Health and wellbeing is a big priority for FDF and it’s right that we are fully engaged on that issue.
When I took the FDF gig – leading the organisation which represents the UK’s largest manufacturing sector, I thought I would spend my time talking about exports, skills, productivity, and sustainability. In fact, for the last three months, I have talked almost exclusively about obesity. In fact probably 90% of that conversation has been focused on the role in obesity played by one nutrient: sugar.
Health and wellbeing IS a big priority for FDF. It’s right that we should be fully engaged on that issue. Obesity is a significant issue, particularly for certain age and demographic groups. The food and drink industry has to be at the heart of the solution to that problem; and we will be.
Whatever your perspective on the sugar debate, as I reflect from the eye of the storm, I believe there are some troubling broader themes that should be explored.
First, the characterisation – caricaturing would be more accurate – of “business” as being shadowy ‘Bond villain’ figures, driven by greed to cause ill health in our children, is grotesque and insulting. I work daily with the leaders of the UK’s food and drink businesses. They are to a man and woman highly impressive, yet also quite normal people, usually parents, always consumers, who share the same ethical and moral compass as do the health campaigners.
It is well known that I am a liberal (and a Liberal) but I am an unashamed supporter of capitalism. The ‘profit motive’ is now portrayed as some kind of shameful badge of bad faith. I don’t think people who want their businesses to continue to employ people, to continue to contribute to the economy and to continue to reward those who have invested in their success should be pilloried for that belief. I think they should be celebrated!
Moreover, why is it that in any debate involving business that anything we say is dismissed by the media (and too often politicians) as “they would say that, wouldn’t they?” while anything the health campaigners say is treated as impartial, intrinsically well meaning, factual and beyond challenge? Of course business is not impartial; but neither are those whose only perspective is the success of the campaigns to which they dedicate themselves; or, for that matter, those celebrities who have grown rich on the back of the food industry and then choose to attack it.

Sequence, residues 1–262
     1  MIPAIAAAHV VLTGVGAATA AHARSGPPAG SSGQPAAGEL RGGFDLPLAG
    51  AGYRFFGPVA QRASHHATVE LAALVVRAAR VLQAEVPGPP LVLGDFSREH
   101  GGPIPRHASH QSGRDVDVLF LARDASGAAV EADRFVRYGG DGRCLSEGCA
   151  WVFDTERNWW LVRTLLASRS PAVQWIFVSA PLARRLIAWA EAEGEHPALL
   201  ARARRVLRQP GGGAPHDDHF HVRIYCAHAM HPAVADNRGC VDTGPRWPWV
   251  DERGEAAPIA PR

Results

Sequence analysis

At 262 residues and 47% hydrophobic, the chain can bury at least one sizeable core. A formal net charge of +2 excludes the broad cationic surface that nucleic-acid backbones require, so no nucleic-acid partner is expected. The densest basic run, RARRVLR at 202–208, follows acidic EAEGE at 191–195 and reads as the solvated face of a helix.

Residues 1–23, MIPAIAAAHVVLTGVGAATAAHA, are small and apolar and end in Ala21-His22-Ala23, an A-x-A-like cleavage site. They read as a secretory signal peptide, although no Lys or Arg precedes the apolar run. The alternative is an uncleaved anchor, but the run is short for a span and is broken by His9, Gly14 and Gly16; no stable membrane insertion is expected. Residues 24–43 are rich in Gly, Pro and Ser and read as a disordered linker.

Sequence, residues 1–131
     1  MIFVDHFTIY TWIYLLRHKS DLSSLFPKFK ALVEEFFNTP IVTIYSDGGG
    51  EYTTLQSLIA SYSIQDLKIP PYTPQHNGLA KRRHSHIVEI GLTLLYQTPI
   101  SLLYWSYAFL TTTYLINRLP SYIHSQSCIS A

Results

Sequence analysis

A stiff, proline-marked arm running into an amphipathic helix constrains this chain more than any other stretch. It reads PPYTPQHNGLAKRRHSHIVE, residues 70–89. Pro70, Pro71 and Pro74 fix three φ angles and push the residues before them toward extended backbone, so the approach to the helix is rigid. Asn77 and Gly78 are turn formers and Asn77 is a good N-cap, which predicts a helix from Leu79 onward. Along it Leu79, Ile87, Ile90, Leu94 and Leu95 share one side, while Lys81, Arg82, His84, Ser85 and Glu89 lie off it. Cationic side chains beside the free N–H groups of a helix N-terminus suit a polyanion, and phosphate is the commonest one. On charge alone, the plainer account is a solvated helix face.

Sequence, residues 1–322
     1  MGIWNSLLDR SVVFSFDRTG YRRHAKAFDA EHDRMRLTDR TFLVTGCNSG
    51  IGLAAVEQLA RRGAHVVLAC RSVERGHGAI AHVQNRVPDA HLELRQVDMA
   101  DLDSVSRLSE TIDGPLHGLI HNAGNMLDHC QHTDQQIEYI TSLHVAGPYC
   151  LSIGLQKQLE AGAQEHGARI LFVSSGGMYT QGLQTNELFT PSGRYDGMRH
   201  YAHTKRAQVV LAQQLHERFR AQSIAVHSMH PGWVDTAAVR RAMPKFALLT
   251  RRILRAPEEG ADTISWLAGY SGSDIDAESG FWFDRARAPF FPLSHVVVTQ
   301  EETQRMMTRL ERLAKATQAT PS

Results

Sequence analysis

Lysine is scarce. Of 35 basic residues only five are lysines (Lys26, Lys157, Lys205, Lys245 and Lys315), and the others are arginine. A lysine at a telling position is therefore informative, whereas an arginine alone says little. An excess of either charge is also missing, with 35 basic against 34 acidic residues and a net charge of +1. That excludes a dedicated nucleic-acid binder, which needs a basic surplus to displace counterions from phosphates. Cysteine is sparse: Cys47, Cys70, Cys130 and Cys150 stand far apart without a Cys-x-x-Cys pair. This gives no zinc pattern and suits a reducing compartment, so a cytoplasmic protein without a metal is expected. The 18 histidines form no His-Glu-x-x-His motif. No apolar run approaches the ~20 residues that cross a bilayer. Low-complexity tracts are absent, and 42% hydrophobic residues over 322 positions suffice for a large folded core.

The food industry’s appetite (no pun intended) to tackle obesity is genuine. Its leaders care about kids getting fat and they care about the hard-won reputations of their business. Yes they care about their bottom line too but it’s the ability to keep all those plates spinning that mark these people out as exceptional.
My old boss and friend Paul Walsh, CEO of Diageo, bowed to no-one in his commercial drive for results. But Paul had an unfailing instinct for the importance of reputation and regarded it as a precious asset that had continuously to be invested in if it were to survive and prosper.
If our critics could open their thinking and see that industry has not only the power but also the passion for getting to grips with obesity then who knows what we could achieve?